SOUTH BEND, Ind. — Isaac Rochell joked he’s known sixth-year Irish graduate student Avery Sebastian for “like 10 years, since he’s been in college for like 10 years.”
The Notre Dame defensive end teamed up with Sebastian way back in the fall of 2010 when the pair both played for Eagle’s Landing Christian High School in the Atlanta area. Rochell is now a senior captain, but is by no means the oldest guy on the team — that would be Sebastian, who enrolled at Cal in 2011.
“Every day with mess with Avery about his age,” Rochell said. “… One thing (defensive coordinator Brian) VanGorder always says is a player isn’t his best until he’s 25. Avery’s not 25 — but we’re always like, that’s Avery right now.”
Gentle ribbing aside, Notre Dame will be counting on the elder statesman of its defense quite a bit when it takes the field Sunday night to face Texas at Darrell K. Royal Stadium in Austin. Freshman Devin Studstill may be Notre Dame’s free safety of the future, but in the present, Kelly & Co. are turning to Sebastian — a more natural in-the-box strong safety — to replace dismissed two-year starter Max Redfield.
“He's assignment correct, he makes very few errors, and that's what we like,” Kelly said. “We have two performers back there in (Drue) Tranquill and Sebastian that are assignment correct.
“Now, do they have the range maybe at times that we'd like? Probably not. But they do a lot of really good things for us, and they can play the kind of defense that we need to to be successful. So where maybe they lack some of the range of the younger players who will play and play considerable roles, they're rock solid and they're veteran players.”
The back end of Notre Dame’s defense has been plagued by errors over the last two seasons, which directly contributed to opponents racking up 30 plays of 30 or more yards against the Irish in 2015 (85th in FBS). Redfield and Elijah Shumate were an athletic duo but committed far too many errors in VanGorder’s complex scheme.
So Tranquill and Sebastian represent a departure from Redfield and Shumate in the sense that Notre Dame could be trading recruiting stars for fewer communication errors. It’s perhaps not ideal — having Redfield, who was formally charged with illegal possession of a firearm this week, back there would’ve been — but it’s what coaches view as the best option for the team heading into the season.
“That’s one of the things that we try and emphasize is, you never know when your last day is going to be and somebody’s going to have to step up,” senior cornerback Cole Luke said. “You can’t play with one safety. And Avery’s done a good job of stepping up and doing what he has to do.”
Sebastian missed all but a handful of plays in the 2015 season after breaking a bone in his foot in Notre Dame’s opener against Texas. He started seven games during his tenure at Cal (2011-2014) and has been around for so long that other members of his recruiting class included Stephon Tuitt, Ha-Ha Clinton-Dix, Sammy Watkins and Odell Beckham Jr., among others.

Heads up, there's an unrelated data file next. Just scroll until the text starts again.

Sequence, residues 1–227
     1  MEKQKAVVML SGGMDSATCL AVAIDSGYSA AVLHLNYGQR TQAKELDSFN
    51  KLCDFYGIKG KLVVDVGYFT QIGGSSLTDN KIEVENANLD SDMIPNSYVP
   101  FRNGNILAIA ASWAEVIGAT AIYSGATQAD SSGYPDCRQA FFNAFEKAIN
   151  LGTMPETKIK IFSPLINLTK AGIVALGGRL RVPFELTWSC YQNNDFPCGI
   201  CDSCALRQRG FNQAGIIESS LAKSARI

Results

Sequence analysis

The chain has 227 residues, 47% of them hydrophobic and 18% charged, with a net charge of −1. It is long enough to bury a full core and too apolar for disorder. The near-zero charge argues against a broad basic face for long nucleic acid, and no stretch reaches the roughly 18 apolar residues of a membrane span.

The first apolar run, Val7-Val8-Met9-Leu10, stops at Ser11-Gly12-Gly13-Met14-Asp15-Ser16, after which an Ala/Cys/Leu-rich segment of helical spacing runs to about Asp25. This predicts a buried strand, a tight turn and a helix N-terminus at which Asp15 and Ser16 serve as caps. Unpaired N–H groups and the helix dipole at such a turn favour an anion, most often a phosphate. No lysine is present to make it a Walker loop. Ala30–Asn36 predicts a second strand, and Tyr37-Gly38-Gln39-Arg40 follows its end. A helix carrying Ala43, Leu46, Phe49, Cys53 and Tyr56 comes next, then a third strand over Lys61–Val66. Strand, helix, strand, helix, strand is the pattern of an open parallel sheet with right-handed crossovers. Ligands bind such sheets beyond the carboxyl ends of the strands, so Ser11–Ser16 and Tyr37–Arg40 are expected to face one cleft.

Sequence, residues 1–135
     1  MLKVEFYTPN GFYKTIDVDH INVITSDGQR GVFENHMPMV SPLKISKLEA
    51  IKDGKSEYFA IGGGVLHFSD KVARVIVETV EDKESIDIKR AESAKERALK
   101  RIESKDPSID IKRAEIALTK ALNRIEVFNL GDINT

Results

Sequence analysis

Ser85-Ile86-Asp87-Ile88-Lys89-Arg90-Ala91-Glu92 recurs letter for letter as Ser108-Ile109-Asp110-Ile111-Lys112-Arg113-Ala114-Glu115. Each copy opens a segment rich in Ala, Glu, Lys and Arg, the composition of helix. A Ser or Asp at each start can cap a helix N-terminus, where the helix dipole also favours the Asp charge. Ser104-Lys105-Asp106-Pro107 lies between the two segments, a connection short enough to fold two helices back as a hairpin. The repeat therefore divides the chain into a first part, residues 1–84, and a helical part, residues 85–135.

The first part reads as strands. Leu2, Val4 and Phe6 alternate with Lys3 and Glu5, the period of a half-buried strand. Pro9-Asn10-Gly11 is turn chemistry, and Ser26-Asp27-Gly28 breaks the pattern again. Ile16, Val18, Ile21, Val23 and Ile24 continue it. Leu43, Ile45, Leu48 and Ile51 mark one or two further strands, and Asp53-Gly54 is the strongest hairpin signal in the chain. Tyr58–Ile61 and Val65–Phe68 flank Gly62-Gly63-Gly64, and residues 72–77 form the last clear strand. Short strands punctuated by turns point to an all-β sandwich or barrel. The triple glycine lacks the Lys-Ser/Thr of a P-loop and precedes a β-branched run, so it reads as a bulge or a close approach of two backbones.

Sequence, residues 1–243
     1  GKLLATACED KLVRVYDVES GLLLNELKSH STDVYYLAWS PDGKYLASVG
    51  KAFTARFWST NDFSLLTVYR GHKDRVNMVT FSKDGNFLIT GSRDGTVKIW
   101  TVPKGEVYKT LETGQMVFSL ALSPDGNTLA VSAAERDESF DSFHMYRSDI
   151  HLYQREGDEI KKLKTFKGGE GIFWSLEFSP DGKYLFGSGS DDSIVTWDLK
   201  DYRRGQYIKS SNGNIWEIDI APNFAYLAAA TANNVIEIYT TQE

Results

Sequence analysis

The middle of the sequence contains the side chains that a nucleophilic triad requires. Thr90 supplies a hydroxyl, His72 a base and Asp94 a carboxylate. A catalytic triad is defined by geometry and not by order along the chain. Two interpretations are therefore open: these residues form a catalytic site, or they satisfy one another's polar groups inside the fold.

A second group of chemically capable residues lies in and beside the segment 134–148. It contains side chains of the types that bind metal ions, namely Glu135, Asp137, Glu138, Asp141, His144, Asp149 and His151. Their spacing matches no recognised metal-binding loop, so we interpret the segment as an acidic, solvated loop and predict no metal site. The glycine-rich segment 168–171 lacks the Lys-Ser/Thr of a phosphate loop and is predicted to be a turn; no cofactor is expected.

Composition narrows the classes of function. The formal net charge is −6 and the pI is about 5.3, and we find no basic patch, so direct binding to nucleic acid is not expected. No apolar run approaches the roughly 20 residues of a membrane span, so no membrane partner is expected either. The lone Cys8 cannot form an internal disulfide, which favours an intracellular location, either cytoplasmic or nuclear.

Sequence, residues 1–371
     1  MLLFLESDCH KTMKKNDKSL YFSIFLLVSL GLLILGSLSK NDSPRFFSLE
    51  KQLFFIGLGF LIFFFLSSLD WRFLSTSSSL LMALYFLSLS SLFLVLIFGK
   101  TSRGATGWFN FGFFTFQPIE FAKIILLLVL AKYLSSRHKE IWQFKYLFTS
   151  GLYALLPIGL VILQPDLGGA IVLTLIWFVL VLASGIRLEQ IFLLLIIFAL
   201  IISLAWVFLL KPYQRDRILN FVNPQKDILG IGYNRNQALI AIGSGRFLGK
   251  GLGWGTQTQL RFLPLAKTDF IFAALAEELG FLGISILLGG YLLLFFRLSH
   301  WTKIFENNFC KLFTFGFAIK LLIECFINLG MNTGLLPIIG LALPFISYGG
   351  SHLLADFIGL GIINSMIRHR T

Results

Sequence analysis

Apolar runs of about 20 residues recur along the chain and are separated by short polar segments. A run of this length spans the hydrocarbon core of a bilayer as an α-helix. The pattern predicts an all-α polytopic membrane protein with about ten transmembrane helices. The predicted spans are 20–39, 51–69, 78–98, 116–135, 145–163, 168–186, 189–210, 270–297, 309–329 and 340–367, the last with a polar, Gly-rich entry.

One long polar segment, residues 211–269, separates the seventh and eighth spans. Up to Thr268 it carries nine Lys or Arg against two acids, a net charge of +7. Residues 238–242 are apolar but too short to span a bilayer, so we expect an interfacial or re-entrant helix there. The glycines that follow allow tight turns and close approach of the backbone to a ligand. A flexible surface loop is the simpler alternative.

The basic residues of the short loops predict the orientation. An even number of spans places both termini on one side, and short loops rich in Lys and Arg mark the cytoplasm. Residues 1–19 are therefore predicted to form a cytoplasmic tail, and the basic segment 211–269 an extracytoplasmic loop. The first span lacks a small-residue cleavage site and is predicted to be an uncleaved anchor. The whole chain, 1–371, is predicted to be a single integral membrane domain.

Or, to put it another way: Studstill was starting eighth grade when Sebastian began his college career.
Studstill, who enrolled early in January, had an impressive showing during spring practice but missed a good chunk of August camp due to a hamstring injury. That knock set him back, Kelly noted, but Notre Dame still probably would’ve gone with Sebastian to start given the experience gap between the two.
“I think if Devin was clearly ahead of Sebastian, we'd have Devin on the field over Sebastian,” Kelly said. “But Sebastian's had a good camp. He's been really rock solid.
“… You want to try to keep as many veterans in that starting role as possible and let those younger guys work their way into the lineup. But more than anything else, Devin put himself a little behind with the injury. He didn't put himself behind, but the injury caused him to be a little bit behind. But he's made up a lot of ground in a very short period.”
Chances are Studstill, along with fellow freshmen safeties Jalen Elliott, D.J. Morgan and Spencer Perry, will all play against Texas and throughout the season. But asking a true freshman to start in front of 100,000 people in his first college game could’ve been problematic.
So Sebastian will get the start, and Notre Dame will hope he can hold his own at free safety — and maybe avoid some of those crippling mistakes made by his predecessors.
“We call him the Grandpa, Grandpa Av,” Luke said. “He’s been around. He’s been in multiple system, he’s seen multiple looks. He just has that knowledge and that wisdom that you would expect him to have.”
Rumors surfaced on Wednesday that David Accam could be on the move this transfer window.
However, just like in the winter, the rumors didn’t lead to anything and Accam is staying with the Chicago Fire.
Taylor Twellman of ESPN first reported that French club Nantes was going after the Ghanaian. Nantes was American international Alejandro Bedoya’s club before he joined Philadelphia earlier this month. Doug McIntyre followed up with a report saying Nantes offered $3 million for Accam.